About Rationally Speaking
Rationally Speaking is a blog maintained by Prof. Massimo Pigliucci, a philosopher at the City University of New York. The blog reflects the Enlightenment figure Marquis de Condorcet's idea of what a public intellectual (yes, we know, that's such a bad word) ought to be: someone who devotes himself to "the tracking down of prejudices in the hiding places where priests, the schools, the government, and all long-established institutions had gathered and protected them." You're welcome. Please notice that the contents of this blog can be reprinted under the standard Creative Commons license.
Monday, June 04, 2007
Not true: you don't use only 10% of your brain
As Radford points out, that it is a myth is obvious as soon as one actually engages her (full) brain for more than a moment to ponder the claim itself: if we really used only a fraction of our thinking organ, why do brain scans show large areas of it being activated by a variety of different tasks? Moreover, why is it that brain injuries so often carry awful alterations of the victim's thinking abilities, and even personality? If 90% of the stuff is useless, then brain surgeons could afford to be much less careful with the object of their operations, no?
Radford reports that there are several versions of the myth, all of which don't stand up to even a superficial scrutiny. For example, some people claim that the unused 90% is part of the subconscious, but the subconscious does a lot of work, and in fact is crucial in providing us with the pre-processed thinking material that eventually emerges to the level of consciousness and is the basis on which we make our decisions (also known as “intuition”). A more charitable interpretation of the myth is that we use only a percentage of the brain at any given time (though the 10% figure still comes out of thin air). That is definitely true, but trivially so: in the same way, we don't use all of our muscles at the same time, but that doesn't mean that a large part of our muscular system is therefore useless, or is waiting to be tapped into to make us superhuman.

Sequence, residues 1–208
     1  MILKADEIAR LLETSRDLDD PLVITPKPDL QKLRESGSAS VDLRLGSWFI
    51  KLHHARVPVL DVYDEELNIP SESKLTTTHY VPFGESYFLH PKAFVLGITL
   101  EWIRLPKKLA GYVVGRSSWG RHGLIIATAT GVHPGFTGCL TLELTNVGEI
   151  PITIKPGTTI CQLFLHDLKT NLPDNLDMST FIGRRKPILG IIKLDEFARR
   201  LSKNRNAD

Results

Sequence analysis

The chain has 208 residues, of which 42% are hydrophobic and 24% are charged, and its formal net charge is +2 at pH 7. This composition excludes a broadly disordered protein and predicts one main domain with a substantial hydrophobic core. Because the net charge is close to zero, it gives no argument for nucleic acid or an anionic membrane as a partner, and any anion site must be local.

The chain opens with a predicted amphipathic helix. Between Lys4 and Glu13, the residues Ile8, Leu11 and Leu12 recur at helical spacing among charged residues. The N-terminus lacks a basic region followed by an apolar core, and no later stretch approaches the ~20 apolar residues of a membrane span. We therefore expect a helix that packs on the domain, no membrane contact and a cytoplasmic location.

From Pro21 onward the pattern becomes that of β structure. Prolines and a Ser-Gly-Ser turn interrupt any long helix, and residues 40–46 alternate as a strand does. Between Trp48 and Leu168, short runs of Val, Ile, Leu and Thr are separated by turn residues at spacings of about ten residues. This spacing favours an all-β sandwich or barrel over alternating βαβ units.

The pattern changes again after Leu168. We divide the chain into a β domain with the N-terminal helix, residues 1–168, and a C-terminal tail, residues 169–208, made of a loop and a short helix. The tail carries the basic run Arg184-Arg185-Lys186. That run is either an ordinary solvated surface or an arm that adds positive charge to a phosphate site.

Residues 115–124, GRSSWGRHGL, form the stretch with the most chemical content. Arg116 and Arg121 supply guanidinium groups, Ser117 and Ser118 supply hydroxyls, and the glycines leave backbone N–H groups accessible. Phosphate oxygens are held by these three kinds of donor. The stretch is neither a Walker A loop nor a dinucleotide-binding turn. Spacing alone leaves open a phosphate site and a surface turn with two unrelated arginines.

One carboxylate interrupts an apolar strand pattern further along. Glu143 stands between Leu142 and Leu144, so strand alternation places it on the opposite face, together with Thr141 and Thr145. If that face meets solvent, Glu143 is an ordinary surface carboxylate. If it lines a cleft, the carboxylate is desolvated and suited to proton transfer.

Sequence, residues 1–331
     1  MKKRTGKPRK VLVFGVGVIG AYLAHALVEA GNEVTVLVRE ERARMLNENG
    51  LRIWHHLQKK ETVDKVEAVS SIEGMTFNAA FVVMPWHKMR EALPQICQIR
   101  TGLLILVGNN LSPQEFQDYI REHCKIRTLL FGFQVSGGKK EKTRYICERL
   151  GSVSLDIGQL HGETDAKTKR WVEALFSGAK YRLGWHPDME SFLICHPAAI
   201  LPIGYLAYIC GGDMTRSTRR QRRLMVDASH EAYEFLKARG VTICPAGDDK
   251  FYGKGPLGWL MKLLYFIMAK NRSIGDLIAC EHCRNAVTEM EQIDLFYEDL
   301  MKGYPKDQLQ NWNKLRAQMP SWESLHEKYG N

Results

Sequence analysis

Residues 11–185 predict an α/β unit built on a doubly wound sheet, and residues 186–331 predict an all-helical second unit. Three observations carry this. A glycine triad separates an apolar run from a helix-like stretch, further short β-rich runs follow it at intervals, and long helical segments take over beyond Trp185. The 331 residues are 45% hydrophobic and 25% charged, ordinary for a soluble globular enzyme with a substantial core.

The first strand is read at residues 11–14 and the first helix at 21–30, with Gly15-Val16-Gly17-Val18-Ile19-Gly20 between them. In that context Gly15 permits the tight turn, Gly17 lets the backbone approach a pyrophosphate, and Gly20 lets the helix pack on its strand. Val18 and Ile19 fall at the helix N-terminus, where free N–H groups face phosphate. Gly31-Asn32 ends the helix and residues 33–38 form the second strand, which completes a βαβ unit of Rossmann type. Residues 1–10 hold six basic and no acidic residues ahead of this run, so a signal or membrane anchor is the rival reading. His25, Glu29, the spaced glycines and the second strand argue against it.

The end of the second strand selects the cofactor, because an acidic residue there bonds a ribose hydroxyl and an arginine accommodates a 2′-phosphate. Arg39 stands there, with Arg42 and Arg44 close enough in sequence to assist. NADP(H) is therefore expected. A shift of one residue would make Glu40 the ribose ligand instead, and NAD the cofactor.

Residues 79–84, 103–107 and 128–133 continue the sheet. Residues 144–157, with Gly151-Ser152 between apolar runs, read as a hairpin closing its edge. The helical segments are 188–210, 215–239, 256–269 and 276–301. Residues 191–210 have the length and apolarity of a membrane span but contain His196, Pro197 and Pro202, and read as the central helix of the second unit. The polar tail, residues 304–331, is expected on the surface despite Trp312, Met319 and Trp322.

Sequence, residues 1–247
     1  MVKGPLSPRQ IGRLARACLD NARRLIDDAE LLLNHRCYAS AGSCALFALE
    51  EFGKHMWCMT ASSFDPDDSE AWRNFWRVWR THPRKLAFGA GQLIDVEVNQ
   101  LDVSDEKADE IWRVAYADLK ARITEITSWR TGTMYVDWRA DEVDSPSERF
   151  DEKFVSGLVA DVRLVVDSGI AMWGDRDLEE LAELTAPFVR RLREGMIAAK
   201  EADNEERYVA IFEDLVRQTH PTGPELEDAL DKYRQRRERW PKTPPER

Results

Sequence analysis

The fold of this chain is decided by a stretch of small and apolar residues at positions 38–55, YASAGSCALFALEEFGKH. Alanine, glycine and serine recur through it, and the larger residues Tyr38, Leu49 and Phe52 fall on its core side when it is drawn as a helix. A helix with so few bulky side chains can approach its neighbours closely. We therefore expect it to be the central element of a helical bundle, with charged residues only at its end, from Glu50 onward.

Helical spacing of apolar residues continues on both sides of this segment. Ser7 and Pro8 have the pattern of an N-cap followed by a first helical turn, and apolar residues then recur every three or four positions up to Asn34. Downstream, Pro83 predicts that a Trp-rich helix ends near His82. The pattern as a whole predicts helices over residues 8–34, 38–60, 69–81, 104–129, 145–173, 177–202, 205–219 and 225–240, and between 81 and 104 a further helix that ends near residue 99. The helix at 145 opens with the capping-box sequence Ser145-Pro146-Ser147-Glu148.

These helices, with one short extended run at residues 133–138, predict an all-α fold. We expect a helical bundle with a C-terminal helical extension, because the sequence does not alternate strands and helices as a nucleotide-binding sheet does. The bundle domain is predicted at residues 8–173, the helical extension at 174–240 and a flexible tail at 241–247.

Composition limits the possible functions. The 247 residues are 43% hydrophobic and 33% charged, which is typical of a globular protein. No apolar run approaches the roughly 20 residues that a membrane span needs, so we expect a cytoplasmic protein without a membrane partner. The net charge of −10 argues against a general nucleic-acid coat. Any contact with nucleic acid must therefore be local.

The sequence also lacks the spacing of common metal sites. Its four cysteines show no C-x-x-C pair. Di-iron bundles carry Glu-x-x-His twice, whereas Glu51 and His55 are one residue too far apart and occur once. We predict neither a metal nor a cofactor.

The latter is apparently the main reason the myth persists. According to Radford, psychics and other cuckoos use the allegedly missing 90% as an “explanation” of why some people develop psychic powers. Uri Geller, the notorious buffoon who claims to be able to bend metal by sheer mental power, for example, has written that “our minds are capable of remarkable, incredible feats, yet we don't use them to their full capacity. In fact, most of us use about 10 percent of our brains, if that” (from Uri Geller's Mind-Power Book, cited by Radford). Well, maybe people who buy Geller's books use a fraction of their brains, but of course the claim is a non sequitur even if the 10% myth were in fact true: Geller, like many other psychics, paranormalists, ufologists and creationists, is making an argument from ignorance (often, as in this case, their personal one). He is saying that since we don't know what the missing part of the brain does, then it must be involved in psychic powers; but for all we know the true function of the 90% of the brain that we allegedly don't use could have been set aside to store the details of all the soap operas that we care to watch. Wouldn't that be clear evidence of intelligent design (and of God's endorsement of daytime TV)?
The fact of the matter is that we actually use all areas of our brain, at different times and for different purposes. The real mystery is how is it possible that people endowed with roughly the same amount of matter capable of generating reasoning can come to dramatically different understandings of the world, with such a large percentage (about half of the United States population, if one uses creationism as a reference) so completely off the mark set by reality.